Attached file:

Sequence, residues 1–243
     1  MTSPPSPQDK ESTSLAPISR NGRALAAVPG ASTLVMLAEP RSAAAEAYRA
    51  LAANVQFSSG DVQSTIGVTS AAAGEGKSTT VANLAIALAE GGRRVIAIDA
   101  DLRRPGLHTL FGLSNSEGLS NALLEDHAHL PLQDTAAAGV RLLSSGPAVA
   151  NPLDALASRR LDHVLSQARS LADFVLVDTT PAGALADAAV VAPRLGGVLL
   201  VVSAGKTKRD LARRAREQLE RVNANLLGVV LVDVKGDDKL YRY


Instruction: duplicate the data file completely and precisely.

Sequence, residues 1–243
     1  MTSPPSPQDK ESTSLAPISR NGRALAAVPG ASTLVMLAEP RSAAAEAYRA
    51  LAANVQFSSG DVQSTIGVTS AAAGEGKSTT VANLAIALAE GGRRVIAIDA
   101  DLRRPGLHTL FGLSNSEGLS NALLEDHAHL PLQDTAAAGV RLLSSGPAVA
   151  NPLDALASRR LDHVLSQARS LADFVLVDTT PAGALADAAV VAPRLGGVLL
   201  VVSAGKTKRD LARRAREQLE RVNANLLGVV LVDVKGDDKL YRY